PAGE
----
The excise tax on Cigarettes in New York is at $1.50, which ranks 16th in the nation. Nine states have a cigarette tax rate of $2 per pack or More. ...
New York state received good marks in a new tobacco-control report card issued by the American Lung Association but earned only a C for its excise-tax efforts.
The state maintained its second-place score in the nation, receiving an A for each of three categories: tobacco-prevention and -control spending, smoke-free air, and youth access to tobacco products.
But New York’s overall grade suffeRed from the average score obtained by the failure to increase the state’s excise tax on tobacco.
“Overall, we’re pleased with the report,” said Karen Derusha, tobacco-control specialist for the Adirondack Tobacco Free Network. “We got A’s in the things that we have worked really hard for. It’s a nice reflection on our comprehensive plan.”
PUSH FOR HIGHER TAX
The Adirondack Tobacco Free Network is one of many organizations throughout the state that have been focusing on such issues as smoke-free environments and Reducing the number of young people who smoke.
But efforts need to continue, they say, particularly in the area of the excise tax.
“It’s been clearly shown that an increase in the excise tax Reduces the amount of adult smoking and decreases the initiation of youth smoking,” Derusha said.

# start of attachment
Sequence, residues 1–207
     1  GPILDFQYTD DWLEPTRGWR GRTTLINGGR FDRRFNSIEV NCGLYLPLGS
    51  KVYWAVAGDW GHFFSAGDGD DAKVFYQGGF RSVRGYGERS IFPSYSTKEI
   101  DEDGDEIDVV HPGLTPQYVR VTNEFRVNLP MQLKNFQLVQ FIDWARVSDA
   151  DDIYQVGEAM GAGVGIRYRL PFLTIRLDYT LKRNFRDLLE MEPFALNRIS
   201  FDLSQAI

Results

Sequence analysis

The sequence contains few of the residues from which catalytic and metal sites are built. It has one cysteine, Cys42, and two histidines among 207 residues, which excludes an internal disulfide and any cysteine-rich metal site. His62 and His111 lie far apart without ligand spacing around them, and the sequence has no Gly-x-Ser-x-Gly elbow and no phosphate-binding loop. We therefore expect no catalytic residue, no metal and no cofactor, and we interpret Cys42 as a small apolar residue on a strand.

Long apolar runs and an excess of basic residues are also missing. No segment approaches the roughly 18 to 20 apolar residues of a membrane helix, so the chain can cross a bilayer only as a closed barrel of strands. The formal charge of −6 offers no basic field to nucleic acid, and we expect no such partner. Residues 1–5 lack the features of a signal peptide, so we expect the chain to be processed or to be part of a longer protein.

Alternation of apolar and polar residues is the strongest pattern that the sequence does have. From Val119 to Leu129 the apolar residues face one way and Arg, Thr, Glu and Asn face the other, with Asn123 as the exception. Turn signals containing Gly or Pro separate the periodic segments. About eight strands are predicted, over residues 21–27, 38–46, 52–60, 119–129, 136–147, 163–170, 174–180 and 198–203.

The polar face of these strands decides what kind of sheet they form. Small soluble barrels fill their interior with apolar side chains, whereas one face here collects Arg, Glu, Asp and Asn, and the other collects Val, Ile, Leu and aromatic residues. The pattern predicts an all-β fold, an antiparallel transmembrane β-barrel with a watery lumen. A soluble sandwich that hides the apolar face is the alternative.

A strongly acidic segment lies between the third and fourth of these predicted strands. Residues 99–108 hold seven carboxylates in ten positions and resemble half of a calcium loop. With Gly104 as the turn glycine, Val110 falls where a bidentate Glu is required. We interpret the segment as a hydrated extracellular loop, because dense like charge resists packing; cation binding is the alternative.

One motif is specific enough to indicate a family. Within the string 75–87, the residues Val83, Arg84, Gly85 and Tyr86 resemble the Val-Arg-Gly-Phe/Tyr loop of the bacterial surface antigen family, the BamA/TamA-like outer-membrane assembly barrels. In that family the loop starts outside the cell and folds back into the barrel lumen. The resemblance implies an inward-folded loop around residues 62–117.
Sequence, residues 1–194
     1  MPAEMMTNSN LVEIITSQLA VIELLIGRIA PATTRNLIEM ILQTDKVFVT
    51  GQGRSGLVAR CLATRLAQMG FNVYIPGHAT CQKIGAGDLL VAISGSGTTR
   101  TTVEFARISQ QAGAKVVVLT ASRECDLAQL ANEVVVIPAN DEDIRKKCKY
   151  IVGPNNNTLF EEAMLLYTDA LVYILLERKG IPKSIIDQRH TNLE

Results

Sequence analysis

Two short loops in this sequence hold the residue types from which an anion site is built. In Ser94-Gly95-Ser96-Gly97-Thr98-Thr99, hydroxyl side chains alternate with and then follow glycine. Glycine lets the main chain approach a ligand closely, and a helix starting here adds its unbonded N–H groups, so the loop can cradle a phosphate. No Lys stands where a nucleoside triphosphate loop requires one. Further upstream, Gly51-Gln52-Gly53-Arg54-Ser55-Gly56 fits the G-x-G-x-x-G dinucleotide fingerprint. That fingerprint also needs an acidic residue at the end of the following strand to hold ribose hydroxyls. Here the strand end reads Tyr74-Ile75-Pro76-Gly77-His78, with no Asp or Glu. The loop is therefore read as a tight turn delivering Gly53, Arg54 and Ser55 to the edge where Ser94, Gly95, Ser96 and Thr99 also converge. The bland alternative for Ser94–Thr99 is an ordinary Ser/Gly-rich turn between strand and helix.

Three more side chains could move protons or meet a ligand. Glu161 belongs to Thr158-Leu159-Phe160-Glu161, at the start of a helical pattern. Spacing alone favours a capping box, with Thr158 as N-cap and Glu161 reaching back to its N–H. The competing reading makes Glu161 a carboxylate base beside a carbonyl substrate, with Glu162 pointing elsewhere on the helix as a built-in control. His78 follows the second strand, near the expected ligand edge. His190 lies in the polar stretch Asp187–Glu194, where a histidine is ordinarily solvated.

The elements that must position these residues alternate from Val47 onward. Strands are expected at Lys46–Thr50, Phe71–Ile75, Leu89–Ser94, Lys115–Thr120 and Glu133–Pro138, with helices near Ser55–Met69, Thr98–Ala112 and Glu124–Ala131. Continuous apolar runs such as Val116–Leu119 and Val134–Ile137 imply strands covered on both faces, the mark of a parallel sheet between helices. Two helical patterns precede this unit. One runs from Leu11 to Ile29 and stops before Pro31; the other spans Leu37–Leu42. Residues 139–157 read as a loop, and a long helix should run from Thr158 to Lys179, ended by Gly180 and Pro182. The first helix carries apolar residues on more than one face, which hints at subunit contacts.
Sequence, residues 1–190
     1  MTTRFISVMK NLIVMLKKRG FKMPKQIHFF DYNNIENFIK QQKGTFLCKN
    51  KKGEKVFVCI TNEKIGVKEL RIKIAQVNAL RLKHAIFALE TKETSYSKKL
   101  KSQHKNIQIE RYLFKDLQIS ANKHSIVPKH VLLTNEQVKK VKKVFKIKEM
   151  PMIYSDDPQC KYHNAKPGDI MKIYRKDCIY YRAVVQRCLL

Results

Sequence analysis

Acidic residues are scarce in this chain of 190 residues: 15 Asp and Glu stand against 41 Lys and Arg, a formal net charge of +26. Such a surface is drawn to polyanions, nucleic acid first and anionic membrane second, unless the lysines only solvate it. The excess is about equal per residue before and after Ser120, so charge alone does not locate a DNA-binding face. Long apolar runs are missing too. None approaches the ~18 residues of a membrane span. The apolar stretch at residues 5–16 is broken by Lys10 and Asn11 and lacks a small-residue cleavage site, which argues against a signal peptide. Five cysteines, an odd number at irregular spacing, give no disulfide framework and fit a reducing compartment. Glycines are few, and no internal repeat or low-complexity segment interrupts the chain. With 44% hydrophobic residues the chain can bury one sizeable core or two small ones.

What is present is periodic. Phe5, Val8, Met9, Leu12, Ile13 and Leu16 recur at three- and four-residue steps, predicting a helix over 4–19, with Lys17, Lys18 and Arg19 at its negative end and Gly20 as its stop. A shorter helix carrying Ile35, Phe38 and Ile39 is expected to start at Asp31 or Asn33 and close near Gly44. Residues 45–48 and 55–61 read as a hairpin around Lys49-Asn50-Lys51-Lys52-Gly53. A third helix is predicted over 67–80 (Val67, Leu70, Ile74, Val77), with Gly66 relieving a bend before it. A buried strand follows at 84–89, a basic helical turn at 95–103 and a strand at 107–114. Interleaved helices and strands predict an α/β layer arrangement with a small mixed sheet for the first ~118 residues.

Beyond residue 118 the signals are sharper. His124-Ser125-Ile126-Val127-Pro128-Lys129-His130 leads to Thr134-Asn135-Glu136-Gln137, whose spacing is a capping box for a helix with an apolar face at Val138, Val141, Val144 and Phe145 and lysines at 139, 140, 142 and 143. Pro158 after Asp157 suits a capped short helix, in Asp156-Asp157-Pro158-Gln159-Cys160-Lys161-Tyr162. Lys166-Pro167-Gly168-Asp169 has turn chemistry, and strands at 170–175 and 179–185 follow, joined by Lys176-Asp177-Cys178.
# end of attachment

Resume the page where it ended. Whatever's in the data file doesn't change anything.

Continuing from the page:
“An increase in the excise tax nationwide would translate into preventing 142,000 children alive today from becoming smokers.”
The excise tax on Cigarettes in New York is at $1.50, which ranks 16th in the nation. Nine states have a cigarette tax rate of $2 per pack or More.
Since New York last raised its excise tax in 2002, 43 states, the District of Columbia and Puerto Rico have all increased their tax rates.
“A lot of it involves education,” Derusha said of the need to improve state lawmakers’ knowledge of smoking prevention and the excise tax.
“Between the cost of health care and the financial burden that we, as taxpayers, all have a part in because of smoking, it is important to all of us.”
The total medical costs to treat smoking-related diseases in New York exceeds $8 million annually, including More than $5 million in taxpayer-supported Medicaid, she pointed out